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How to ask better questions to get better answers

There is power in asking questions. The right questions can help you get to the bottom of the issue, uncover motives, stop conflict, build trust, break down walls and even influence others to see your point of view.

But how do you ask the right questions? Particularly in scenarios where people may be reluctant to give you the information you need? Here are three ways to help you ask better questions so you can get better answers.

 

1. Frame your questions carefully

Before you talk to the person, prepare and think about what it is you want to get them to open up about. What questions do you need to ask? How many different ways might you need to ask the question and how deep do you need to go?

Preparing and framing your questions helps to open them up and relax them. For example asking, “What do you think is stopping you from achieving your goal?” is far better than “Why didn’t you achieve your goal?”

The first question will allow the person to stop and think and be more focused on the solution, rather than closed and defensive. This builds trust as you are showing you value their thoughts and opinions and that you are looking to collaborate to rectify the problem

2. Avoid the ‘interrogation’ line of questioning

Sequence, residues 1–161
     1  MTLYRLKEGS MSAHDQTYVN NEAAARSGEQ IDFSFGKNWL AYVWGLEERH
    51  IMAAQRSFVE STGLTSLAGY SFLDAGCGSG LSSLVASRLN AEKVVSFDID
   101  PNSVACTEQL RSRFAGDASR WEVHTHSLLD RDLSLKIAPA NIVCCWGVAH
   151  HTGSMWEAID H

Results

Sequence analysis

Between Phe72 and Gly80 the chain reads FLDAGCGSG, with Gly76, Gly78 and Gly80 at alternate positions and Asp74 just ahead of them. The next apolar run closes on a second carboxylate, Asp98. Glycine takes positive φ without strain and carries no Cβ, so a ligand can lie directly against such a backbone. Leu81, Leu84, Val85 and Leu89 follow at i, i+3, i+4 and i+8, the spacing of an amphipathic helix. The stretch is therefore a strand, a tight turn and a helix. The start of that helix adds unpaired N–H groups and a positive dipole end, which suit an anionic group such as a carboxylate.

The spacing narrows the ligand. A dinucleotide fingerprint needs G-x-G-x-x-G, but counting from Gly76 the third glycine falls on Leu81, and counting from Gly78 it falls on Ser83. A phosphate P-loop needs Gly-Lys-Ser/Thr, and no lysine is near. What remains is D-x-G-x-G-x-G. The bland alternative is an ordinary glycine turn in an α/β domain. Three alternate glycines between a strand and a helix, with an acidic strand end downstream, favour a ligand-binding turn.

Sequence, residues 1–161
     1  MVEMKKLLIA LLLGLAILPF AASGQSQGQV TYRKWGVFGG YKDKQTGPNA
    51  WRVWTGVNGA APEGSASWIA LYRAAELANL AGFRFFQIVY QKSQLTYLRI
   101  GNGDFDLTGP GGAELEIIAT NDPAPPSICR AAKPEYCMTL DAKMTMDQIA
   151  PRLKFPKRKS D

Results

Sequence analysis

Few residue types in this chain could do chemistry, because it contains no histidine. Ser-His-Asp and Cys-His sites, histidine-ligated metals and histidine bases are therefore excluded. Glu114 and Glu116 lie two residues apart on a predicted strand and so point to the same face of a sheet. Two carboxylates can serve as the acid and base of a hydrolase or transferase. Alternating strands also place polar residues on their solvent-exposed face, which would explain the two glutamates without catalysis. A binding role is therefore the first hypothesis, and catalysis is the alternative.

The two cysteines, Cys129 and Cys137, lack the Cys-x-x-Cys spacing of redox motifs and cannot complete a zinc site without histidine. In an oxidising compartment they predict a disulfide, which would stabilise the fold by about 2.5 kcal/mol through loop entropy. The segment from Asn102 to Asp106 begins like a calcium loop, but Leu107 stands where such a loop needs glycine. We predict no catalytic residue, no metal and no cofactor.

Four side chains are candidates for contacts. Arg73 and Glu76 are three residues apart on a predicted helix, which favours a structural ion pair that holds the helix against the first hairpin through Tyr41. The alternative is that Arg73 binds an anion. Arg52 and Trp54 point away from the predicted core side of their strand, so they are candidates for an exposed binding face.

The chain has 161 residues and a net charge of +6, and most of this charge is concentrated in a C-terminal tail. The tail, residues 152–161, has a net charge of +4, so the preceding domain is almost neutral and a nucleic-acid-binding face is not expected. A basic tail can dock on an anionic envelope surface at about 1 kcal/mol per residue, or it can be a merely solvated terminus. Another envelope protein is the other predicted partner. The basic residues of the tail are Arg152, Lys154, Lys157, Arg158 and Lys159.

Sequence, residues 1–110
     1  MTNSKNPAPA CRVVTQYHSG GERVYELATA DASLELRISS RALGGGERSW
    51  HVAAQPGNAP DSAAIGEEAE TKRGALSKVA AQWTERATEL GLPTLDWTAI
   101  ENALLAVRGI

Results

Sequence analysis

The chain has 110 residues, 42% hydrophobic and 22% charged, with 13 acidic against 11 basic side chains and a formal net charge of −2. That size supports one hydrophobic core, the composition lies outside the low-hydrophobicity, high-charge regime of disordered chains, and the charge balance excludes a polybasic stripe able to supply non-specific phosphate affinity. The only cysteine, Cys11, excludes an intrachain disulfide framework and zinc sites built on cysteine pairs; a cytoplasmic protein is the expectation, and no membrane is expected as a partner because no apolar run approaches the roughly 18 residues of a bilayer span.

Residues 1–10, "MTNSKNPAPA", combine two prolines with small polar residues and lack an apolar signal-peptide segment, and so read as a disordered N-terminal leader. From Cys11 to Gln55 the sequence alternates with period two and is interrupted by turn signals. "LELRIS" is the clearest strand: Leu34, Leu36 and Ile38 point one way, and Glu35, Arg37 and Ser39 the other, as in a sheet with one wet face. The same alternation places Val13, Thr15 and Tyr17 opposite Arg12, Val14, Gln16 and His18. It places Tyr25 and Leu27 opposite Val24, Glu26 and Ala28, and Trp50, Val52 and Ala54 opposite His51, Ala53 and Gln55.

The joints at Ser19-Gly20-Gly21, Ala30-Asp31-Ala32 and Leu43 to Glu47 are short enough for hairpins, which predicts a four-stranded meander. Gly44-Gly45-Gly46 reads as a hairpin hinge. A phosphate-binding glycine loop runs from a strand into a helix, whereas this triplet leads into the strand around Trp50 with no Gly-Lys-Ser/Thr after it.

When you have to ask a lot of probing questions, and there are times in leadership where you need to, it can be easy to come across as an interrogator, even with the best of intentions.

If you find yourself in a position where you do need to ask more investigative questions to get to key issues, consider your tone of voice and body language through this process. If you are speaking in a softer tone, sitting in a relaxed position, nodding or leaning in and showing an interest in what they have to say, your questions are more likely to be well received.

3. Avoid leading questions

While leading questions are beneficial in sales, they are not always the best or most ethical questions when it comes to communicating with your team.

Open-ended questions are best; they help you discover your teams’ ideas, concerns and challenges, which can be far more valuable to you in the long run.

Could the way you ask questions be impacting on the answers you receive? What can you do this coming week to make sure you ask better questions of your team? I would love to hear your questions.

Kylie Denton

Kylie Denton

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